• Parodied during the Skypiea Arc. Zoro found himself in a swords vs. guns battle with a Shandian, who used pistols that were equipped with Flash Dials as to blind the opponent anytime he shot at them. Zoro realized he can combat this with his goggles, but unfortunately, The Goggles Do Nothing since they're not tinted at all.
    • The Flash Dial comes back during Luffy's fight with Usopp, which he uses after making Luffy hesitate with a cough of fake blood.
  • Sky Girls:
    • During the first episode, Ace Pilot Eika got defeated by a new, Sonic Diver-piloting test pilot when her target transformed and attacked from the direction of the sun. Granted, she is using a conventional fighter jet at the time and her opponent is very nimble.
    • In a true show of piloting ability, Eika used the exact same tactic combined with careful maneuvering against a Teen Genius who very nearly beat her through sheer talent later in the series.
  • The characters on Dragonball Z sometimes use this, calling it "Solar Flare".[2]

Comic Books

  • In X-Wing: The Phantom Affair, a gang of pro-Imperial thugs attacks Rogue Squadron pilot Tycho Celchu. He beats most of them down by himself, but the last one gets the drop on him and is preparing to deliver the final (possibly fatal) blow, when he's slashed through the eyes by a phantom Jedi's lightsaber, causing instant blindness and much pained yelling. It turns out later that the "Jedi" is just a hologram, and given that holograms are actually just light (lasers, to be specific), this trope stands.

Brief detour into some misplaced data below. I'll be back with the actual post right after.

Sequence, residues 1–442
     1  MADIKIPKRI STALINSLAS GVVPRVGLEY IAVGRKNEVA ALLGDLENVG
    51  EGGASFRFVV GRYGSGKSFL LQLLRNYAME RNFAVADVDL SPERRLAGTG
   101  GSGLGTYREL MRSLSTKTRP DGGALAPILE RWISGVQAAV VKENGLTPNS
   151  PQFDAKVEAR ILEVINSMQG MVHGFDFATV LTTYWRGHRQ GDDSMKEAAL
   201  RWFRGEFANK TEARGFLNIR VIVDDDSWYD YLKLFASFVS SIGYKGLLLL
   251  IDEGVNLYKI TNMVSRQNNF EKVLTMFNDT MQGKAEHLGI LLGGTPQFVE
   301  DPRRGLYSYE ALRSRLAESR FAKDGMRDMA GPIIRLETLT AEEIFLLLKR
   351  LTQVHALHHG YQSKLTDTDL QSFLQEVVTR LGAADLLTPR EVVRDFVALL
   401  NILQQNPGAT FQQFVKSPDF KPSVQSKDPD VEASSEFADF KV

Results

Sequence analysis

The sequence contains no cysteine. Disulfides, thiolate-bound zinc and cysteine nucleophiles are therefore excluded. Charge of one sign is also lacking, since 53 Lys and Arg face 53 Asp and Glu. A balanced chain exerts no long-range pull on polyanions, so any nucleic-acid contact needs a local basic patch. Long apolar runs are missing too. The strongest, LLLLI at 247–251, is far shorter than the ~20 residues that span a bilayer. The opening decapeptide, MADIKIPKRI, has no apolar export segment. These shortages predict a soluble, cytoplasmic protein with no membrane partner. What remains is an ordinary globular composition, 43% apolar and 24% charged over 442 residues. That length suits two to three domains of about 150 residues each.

• One issue of The Punisher has him narrate how devastating a single flashbang grenade is to the senses. The next panel shows him dropping three at once through a skylight on some mobsters.
  • Harley Quinn does this to Deadshot in Suicide Squad #7. Harley kills the lights, knowing tha Deadshot will switch to infra-red. As soon as he does so, she sets off a magnesium flare.

Fan Works

  • Princess Celestia blinds Nightmare Moon by empowering the sun's glow in the My Little Pony Friendship Is Magic fanfic Whispers.
  • Melanie is recovering from a fight when she gets blinded a strange light at the end of the first chapter of the Spice Girls AU fic, Just Taken, taking her away to another hospital as she was sectioned long before.
  • In chapter 4 of Drunkard's Walk S, Sailor Mercury adapts the first bit of non-Senshi magic she's learned from mentor and tutor Doug Sangnoir, and casts a blindingly bright and burning cold light spell into the face of a youma boss.


  • The Lord of the Rings: This happens to the Uruk-hai at the end of the Battle of Helms Deep when the sun rises behind the charging cavalry.